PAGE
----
Vanya is a learned man who has devoted his life to overseeing the estate of his late sister and assisting in the academic studies of her husband, a professor. In the play, which is set around the visit of the aging professor (Jon DeVries) and his alluringly beautiful young wife (Celeste Arias), he has begun to wonder if all that selfless labor has meant anything whatsoever.

Nelson initially offered the role of the professor to Sanders, who hedged and was subsequently awarded the part it now feels he was born to play. In describing his role in this “Uncle Vanya,” which was first staged at the Old Globe Theater in San Diego earlier this year, Sanders tended to shift from the third person to the first.

That close identification with his part has been shaped, he said, by memorizing it so completely that once he’s onstage he can exist in a state of “willed amnesia.” He explained: “My aim when I come onstage is to not know what I’m saying next. The idea that you know it so well that it will come to you. And it just flows out. It literally comes out differently every night.” Such spontaneity is particularly wrenching in the climactic scene in which Vanya explodes during a family meeting called by the professor. As Sanders put it, “All my personal regard, my sense of self has been shattered.” Vanya finds a gun and fires it at the professor (spoiler: He misses).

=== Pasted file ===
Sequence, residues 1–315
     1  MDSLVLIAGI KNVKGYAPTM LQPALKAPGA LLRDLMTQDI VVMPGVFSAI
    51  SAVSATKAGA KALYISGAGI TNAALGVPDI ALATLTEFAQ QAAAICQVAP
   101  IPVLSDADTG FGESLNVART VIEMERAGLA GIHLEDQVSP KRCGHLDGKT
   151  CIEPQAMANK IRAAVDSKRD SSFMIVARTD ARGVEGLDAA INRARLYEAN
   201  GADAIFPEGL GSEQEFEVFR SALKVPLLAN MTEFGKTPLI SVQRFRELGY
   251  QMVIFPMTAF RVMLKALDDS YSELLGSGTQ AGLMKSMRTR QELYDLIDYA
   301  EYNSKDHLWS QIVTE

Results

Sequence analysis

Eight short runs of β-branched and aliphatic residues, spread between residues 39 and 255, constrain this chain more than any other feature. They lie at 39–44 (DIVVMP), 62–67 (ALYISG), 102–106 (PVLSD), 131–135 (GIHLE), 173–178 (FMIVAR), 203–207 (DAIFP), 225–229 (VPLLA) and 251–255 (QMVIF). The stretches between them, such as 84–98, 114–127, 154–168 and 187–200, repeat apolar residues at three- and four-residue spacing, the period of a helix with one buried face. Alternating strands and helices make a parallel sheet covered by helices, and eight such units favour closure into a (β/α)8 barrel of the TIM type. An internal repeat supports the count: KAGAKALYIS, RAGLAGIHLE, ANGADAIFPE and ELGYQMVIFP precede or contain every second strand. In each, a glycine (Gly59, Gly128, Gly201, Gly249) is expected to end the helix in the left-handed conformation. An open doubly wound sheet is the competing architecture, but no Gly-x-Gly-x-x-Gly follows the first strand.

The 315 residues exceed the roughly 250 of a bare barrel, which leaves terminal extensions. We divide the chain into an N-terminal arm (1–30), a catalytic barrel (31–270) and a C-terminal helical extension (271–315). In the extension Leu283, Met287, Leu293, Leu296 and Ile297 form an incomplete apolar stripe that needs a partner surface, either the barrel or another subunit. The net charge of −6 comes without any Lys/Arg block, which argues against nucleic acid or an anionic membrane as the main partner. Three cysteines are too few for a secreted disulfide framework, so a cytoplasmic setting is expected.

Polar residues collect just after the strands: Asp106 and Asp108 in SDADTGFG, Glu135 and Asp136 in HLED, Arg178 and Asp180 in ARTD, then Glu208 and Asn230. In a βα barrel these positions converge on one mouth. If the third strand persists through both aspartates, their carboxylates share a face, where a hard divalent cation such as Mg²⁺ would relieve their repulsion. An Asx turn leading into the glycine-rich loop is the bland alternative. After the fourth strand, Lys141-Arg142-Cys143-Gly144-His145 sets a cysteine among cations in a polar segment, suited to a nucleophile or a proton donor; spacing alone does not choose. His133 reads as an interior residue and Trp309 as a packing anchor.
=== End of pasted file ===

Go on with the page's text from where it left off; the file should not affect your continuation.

The staging of the subsequent scenes has been modified since the San Diego production, to justify the reactions of the other characters. In the immediate interim, Sanders spends time offstage, in character, with the gun in his hand, considering suicide.

“I think I go off distraught enough that I’m capable of killing myself,” he said. “And I look at the gun and I pick it up and I can’t really do it. But I’m sitting there thinking about it.”

Plunging into such psychological darkness on a nightly basis must surely take its toll on Sanders’ civilian life? Not at all, he insisted: “I feel that pain every night with him. But I don’t carry it offstage.” As the production nears the end of its run, he said, people keep asking him if he won’t be “happy when it’s over.”

No, he tells them. “The more you’ve relaxed and the more different ways you’ve gone through these same things, you can’t help but deepen,” he said. “It only makes me want to do it more.”